Events in Iraq have overshadowed a new, 500-page Bush Administration plan to bring about regime change closer to home: in Cuba.
It’s a remarkable plan that casts aside a tool that Democratic and Republican Presidents have long used to open closed societies: a free flow of people, commerce, information, and ideas.
America fought to enshrine this concept in the Helsinki accords. Many believe it helped win the Cold War. President Bush embraces it in his policies toward China and Vietnam today, despite those nations’ human rights abuses.
But not toward Cuba — and especially not in an election year. President Bush wants more pressure, not people-to-people exchanges.
Considering that the U.S. embargo is already tight, it’s hard to increase pressure on Cuba. So the Administration has decided to curtail contacts between Cuban Americans and their families in Cuba because these contacts earn some hard currency for the Cuban government.
Effective July 1, Cuban Americans may visit relatives in Cuba only once every three years. They may no longer send money or packages to aunts, uncles, cousins, nephews, and nieces, nor may they ever travel to Cuba to visit them, because these relations no longer meet the federal definition of “immediate” family. If they send packages, they can include food, medicine, radios and batteries — but soap, clothing, seeds, and fishing poles are now prohibited.
These are extraordinary steps — the first American economic sanctions designed to harm the welfare of families. The Administration wants to end the “pacifying effect” that comes to Cuban society, it says, when family charity from abroad helps Cubans meet basic needs.
The Administration’s plan includes other sanctions, funds for Cuba’s dissidents and political activists outside Cuba, and a long, detailed blueprint for U.S. aid for Cuba’s democratic transition. The money would flow after political change has occurred and properties expropriated four decades ago are largely returned.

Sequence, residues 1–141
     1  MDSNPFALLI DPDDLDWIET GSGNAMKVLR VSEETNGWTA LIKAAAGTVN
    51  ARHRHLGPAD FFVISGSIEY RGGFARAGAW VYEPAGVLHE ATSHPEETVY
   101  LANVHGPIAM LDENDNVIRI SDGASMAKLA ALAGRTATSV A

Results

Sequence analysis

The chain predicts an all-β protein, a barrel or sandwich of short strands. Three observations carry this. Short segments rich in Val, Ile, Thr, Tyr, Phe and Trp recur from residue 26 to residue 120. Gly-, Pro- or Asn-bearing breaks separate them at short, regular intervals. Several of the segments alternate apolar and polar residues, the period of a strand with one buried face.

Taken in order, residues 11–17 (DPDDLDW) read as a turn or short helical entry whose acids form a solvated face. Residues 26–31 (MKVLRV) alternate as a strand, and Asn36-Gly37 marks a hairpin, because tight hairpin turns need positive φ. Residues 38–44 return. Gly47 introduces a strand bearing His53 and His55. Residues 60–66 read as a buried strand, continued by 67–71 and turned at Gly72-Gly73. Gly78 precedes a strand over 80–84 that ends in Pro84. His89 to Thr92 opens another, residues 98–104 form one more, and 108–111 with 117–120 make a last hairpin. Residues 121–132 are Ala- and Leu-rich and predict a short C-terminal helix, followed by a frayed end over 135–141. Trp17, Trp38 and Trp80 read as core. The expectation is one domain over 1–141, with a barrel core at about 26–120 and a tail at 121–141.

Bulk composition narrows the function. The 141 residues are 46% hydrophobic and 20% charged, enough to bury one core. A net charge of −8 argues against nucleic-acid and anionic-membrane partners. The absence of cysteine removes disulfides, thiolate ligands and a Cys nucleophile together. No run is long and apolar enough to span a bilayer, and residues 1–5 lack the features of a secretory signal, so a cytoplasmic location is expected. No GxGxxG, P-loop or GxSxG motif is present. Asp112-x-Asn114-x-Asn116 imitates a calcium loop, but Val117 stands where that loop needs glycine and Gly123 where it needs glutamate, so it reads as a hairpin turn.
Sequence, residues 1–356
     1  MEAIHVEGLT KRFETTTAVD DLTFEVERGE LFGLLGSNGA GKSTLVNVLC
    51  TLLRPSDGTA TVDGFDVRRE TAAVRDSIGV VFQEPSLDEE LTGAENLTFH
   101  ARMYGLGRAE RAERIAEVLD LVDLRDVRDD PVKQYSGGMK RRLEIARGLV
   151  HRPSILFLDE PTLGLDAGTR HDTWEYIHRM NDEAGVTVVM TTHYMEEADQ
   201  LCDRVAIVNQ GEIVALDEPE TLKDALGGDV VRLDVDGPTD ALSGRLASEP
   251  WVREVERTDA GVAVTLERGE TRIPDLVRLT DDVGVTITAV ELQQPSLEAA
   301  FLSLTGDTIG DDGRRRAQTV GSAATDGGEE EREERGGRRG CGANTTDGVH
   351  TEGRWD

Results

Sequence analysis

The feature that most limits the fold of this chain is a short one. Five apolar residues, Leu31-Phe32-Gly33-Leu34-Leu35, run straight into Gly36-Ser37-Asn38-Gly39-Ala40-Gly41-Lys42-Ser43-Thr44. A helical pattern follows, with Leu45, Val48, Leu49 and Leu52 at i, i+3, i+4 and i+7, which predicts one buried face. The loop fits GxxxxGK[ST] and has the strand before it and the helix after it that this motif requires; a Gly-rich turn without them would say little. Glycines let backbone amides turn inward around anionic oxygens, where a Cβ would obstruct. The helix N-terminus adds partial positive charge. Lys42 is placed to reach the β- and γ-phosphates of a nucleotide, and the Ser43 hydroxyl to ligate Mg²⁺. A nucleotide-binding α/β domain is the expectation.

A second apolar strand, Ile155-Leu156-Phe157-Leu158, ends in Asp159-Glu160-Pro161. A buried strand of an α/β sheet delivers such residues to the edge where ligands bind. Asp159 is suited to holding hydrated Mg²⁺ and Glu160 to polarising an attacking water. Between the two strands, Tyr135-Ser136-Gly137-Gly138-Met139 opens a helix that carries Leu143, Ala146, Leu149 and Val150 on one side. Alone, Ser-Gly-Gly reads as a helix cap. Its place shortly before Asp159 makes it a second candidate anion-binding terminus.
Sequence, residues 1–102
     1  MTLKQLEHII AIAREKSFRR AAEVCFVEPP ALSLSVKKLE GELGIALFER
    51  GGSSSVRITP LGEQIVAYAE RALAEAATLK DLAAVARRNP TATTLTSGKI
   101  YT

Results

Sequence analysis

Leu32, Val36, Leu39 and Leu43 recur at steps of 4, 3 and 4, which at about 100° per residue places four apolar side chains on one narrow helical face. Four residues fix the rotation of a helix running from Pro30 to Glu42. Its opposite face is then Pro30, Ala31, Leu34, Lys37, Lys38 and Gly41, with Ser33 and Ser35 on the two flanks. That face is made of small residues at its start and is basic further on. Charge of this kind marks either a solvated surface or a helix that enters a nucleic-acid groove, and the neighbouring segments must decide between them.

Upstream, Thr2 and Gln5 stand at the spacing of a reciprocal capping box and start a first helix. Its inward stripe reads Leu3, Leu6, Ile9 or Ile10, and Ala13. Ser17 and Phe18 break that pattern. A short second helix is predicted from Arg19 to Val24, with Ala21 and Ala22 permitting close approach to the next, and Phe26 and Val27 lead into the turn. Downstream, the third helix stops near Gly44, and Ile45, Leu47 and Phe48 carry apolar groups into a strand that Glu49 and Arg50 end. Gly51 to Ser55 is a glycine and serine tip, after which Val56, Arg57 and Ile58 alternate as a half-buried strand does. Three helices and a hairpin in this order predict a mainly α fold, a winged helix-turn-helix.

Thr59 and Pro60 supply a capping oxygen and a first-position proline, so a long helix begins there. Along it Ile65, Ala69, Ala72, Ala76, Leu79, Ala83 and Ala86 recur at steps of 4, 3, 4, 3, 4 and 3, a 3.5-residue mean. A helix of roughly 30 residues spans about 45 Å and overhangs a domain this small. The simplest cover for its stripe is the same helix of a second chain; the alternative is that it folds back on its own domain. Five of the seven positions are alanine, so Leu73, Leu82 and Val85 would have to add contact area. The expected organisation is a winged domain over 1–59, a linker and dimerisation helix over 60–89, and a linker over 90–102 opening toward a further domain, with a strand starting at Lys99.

In Cuba, remarkably, this ambitious pro-democracy plan was panned by the independent Cubans whom the Administration sees as agents of democratic change.
Cuba’s Catholic bishops said the “privations and burdens” caused by the Bush sanctions “affect and threaten the present as well as the future of our nation.”
The leading dissident Oswaldo Paya, organizer of the Varela Project, a pro-reform petition drive, said it is not “acceptable for any force outside Cuba to try to design the Cuban transition process.” Another dissident likened the new State Department post of Cuba “transition coordinator” to a “Paul Bremer the second.”
In Miami, some hard-line leaders applauded the Bush plan based on their belief that Cubans must sacrifice to achieve freedom. But the Cuban American National Foundation questioned the morality of keeping families separated. And a June 30 headline in the hard-line Diario las Americas captured the local sentiment about loved ones in Cuba: “Exiles Fear for Their Families.”
The Bush plan has a political impact. Unlike candidate Bill Clinton in 1992, Sen. John Kerry is not trying to out-do his Republican opponent when it comes to Cuba sanctions. He argues that the new Bush measures “harm Cuban Americans while doing nothing to hasten the end of the Castro regime.” Florida Democrats are working to register newly angered Cuban Americans to vote.
It’s too early to tell whether President Bush’s actions will gain or lose votes for him in November. But it’s clear that where Cuba is concerned, his Administration has left family values behind and forgotten a beloved Republican’s principle for dealing with communist regimes. “We must be careful in reacting to actions by the Soviet Government,” President Reagan said in 1984, “not to take out our indignations on those not responsible.”
Philip Peters, a State Department official during the Reagan and George H.W. Bush administrations, is vice president of the Lexington Institute in Arlington, Virginia.
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